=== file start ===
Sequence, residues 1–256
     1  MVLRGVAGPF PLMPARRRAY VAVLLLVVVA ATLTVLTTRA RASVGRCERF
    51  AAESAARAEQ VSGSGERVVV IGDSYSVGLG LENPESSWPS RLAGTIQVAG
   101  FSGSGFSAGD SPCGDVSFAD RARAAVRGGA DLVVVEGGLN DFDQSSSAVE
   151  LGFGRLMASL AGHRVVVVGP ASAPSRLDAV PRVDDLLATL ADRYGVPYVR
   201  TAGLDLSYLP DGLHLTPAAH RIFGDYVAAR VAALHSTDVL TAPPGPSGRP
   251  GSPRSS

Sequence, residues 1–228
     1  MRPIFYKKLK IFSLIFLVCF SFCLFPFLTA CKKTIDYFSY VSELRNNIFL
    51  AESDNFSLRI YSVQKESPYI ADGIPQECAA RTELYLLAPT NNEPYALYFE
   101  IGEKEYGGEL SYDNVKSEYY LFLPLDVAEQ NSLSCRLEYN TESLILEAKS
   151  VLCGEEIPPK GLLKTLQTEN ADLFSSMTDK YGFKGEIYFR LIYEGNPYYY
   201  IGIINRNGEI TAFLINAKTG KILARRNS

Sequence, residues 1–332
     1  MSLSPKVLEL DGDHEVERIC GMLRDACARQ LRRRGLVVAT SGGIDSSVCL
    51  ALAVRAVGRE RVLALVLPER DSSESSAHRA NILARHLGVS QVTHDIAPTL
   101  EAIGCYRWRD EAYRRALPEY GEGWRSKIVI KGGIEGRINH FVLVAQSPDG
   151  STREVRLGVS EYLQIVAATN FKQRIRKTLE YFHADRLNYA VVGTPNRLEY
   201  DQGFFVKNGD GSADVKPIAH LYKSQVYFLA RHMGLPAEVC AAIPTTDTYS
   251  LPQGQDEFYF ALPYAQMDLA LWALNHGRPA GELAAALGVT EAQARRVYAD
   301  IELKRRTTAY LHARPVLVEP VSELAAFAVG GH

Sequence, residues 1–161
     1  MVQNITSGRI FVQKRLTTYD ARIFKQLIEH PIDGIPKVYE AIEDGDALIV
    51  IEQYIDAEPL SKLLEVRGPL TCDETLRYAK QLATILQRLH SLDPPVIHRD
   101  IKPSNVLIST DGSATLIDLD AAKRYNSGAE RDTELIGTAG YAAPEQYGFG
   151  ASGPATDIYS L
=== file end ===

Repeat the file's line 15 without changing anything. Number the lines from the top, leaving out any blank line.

     1  MSLSPKVLEL DGDHEVERIC GMLRDACARQ LRRRGLVVAT SGGIDSSVCL